All Things Impact.

private capital & the public good

All Things Impact 2016.10: nonprofit solvency, whether $40 trillion will go to impact, climate change deniers, and Obama on tribalism

Brian WalshComment

Hi friends,

Here are four links worth your time (plus job opportunities):
1. Effective Philanthropy: 10% of NYC nonprofits are technically insolvent
SeaChange Capital Partners, a merchant bank that focuses on the nonprofit sector, and Oliver Wyman, a global management consulting firm, recently analyzed the financial capacity of nonprofit organizations in New York City. The results should give all nonprofits and their board members pause:

  • More than 10% of the nonprofits are technically insolvent (i.e., their liabilities exceed their assets)
  • Roughly, 40% of the organizations have virtually no margin for error, with cash and operating reserves of less than two months
  • At best, 20-40% of organizations appear to be financially strong, defined as having more than six months of unrestricted net assets.

As the authors explain: 

“Distressed nonprofits have very limited ways to recover, so trustees must do all they can to reduce the risk that their organization becomes distressed in the first place. And they must take prompt, decisive action if it does.  Practices such as scenario planning, benchmarking and self-rating, and setting explicit financial stability targets, can improve risk management…

Trustees must strive to maximize the good that their organization does while managing its risks. Balancing these can be challenging because of the passion they feel for the organization and its mission. Nonprofits lack the indicators of organizational health that reach the directors of for-profit businesses, such as stock prices or credit spreads. They also lack outside parties like activist investors, rating agencies, stock market analysts, and short-sellers to encourage them to step back and take an objective view of the situation. In this context, nonprofit trustees in leadership positions must ensure that well thought through risk management processes are in place. In a challenging operating environment, the status quo is no longer acceptable.”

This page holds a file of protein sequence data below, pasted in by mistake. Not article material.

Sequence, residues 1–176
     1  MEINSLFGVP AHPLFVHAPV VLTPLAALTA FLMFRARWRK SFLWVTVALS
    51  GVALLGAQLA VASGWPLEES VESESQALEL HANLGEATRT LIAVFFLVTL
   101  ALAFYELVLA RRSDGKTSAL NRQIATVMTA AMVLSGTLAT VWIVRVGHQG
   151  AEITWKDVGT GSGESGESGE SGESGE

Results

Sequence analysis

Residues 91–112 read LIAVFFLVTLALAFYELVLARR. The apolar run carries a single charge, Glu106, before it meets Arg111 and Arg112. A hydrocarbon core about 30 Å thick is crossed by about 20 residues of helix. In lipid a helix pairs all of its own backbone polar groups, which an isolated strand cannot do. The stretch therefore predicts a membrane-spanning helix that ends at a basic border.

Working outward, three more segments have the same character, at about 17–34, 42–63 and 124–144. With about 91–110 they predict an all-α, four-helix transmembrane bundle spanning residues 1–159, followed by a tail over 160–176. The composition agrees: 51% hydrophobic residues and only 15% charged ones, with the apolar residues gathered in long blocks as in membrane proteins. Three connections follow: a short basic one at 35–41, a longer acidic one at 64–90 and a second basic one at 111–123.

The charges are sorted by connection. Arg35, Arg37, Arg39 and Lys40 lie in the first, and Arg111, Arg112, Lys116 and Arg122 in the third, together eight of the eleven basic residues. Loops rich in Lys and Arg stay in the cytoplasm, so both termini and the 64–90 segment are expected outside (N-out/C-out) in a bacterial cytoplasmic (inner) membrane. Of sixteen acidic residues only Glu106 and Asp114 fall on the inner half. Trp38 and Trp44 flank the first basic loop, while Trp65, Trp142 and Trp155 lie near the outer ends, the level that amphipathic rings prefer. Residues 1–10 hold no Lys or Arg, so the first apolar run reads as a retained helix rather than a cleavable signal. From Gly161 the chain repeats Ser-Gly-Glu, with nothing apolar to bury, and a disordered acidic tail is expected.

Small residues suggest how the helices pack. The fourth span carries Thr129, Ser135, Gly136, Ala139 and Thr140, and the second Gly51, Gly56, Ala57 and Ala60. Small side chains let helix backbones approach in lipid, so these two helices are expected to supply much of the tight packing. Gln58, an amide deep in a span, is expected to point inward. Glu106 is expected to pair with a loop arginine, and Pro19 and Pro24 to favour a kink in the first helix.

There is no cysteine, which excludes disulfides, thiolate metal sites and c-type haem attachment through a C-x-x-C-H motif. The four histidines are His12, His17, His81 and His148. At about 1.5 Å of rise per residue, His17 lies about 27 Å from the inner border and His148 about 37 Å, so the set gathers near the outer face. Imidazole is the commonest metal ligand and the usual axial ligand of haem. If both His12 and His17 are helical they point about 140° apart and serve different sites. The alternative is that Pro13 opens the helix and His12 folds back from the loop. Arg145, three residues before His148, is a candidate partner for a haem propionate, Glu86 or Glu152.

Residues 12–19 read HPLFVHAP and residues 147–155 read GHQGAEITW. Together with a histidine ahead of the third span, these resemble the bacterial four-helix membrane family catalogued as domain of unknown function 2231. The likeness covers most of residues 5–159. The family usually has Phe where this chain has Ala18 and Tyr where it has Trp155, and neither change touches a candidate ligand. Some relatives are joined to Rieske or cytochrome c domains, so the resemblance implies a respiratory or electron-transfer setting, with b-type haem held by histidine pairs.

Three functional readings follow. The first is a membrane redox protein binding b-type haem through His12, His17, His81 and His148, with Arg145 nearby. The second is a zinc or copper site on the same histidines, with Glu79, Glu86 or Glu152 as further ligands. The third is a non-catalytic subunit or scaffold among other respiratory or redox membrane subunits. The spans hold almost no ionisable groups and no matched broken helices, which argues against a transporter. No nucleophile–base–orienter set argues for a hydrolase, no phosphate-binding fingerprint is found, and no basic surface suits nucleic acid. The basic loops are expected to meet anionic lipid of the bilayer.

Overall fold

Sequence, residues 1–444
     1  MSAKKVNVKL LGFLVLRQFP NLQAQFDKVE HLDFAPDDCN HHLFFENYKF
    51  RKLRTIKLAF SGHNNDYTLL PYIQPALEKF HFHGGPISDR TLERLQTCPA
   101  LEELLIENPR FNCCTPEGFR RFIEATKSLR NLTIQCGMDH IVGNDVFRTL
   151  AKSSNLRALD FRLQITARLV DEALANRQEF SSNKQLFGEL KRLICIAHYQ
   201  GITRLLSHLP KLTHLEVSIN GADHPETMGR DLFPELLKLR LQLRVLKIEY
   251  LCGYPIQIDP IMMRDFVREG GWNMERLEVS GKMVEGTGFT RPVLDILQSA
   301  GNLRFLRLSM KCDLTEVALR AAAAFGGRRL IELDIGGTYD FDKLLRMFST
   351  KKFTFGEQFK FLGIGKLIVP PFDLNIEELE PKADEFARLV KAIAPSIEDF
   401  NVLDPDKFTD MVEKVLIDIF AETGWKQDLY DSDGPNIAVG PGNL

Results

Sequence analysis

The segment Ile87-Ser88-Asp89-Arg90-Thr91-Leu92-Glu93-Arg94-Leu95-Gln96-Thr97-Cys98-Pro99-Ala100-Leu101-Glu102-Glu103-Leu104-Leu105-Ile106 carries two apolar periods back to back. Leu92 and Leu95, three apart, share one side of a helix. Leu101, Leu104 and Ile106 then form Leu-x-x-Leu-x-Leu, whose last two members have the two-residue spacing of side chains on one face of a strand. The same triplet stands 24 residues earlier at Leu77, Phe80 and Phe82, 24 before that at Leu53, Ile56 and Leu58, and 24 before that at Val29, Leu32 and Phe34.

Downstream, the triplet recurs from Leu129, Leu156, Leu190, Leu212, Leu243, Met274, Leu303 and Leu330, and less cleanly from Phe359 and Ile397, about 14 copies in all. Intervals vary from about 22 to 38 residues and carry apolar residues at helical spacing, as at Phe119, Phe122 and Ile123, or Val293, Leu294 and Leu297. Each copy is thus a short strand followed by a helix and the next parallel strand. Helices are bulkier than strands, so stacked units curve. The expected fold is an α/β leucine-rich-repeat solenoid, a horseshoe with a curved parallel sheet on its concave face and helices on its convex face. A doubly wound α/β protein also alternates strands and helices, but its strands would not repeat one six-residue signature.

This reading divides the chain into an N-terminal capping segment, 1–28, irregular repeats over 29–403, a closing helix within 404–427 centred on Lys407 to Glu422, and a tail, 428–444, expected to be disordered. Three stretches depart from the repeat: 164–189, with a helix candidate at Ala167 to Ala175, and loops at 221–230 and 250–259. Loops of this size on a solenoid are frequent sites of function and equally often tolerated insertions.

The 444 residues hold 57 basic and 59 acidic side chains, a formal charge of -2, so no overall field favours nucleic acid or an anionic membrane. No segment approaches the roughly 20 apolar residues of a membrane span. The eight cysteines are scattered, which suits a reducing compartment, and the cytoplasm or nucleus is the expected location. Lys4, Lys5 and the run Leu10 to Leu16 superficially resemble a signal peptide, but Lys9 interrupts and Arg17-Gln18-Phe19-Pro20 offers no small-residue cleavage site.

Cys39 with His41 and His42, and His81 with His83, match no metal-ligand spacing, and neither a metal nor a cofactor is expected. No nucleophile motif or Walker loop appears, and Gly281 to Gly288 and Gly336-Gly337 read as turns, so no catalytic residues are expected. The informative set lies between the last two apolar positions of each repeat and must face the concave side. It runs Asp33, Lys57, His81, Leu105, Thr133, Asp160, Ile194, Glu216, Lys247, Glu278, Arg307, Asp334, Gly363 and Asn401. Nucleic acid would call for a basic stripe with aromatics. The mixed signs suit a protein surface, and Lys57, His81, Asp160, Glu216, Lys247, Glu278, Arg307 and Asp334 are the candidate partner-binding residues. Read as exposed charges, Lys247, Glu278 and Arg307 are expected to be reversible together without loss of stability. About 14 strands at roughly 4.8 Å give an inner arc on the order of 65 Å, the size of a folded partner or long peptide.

2. Impact Investing: will the $40 trillion transfer of wealth go towards impact?
The always insightful Fran Seagull is chief investment officer at non-profit financial services company ImpactAssets (which, in full disclosure, manages Liquidnet’s donor advised fund).
She recently spoke to Bloomberg Sustainable Finance:

“We define impact investing as investing for social or environmental impact as well as for social returns. The impact must be intentional, measured, and reported…

I think about the growth [in impact investing] being at the intersection of supply of capital and demand for capital. On the demand for capital side, we have huge population growth. There will be 9 billion plus people on this planet by 2050 and it always floors me to think about 80 percent of people who live on less than $10 a day. We have to increase food supply by 70 percent in order to feed this growing population, and there’s also a lack of access to food, jobs, and education in both developed and developing markets. There are also worries about how climate change and droughts will change this.

On the supply of capital side, there’s a $40 trillion wealth transfer to women and millennials that is just starting. This wealth transfer could be an extraordinary shift in how folks invest. In these two cohorts of women and millennials, there’s absolutely a debate about passive versus active investing. You are starting to see index funds focused on environmental issues. We see the advent of robo-advisers that enable people to dice and slice based on their values. We’re seeing innovation in this space to try and meet the demand of constituencies that have these values. Millennials really care about the values of where they work and as this money transfers, intermediaries, investment banks, and asset managers will take the lead from the bottom up. It’s a sea change. Wealth management has previously been a very top-down affair. I think something very interesting is going to happen around this bottom-up input from investors.”

3. Responsible Investing: is your mutual fund a climate change denier?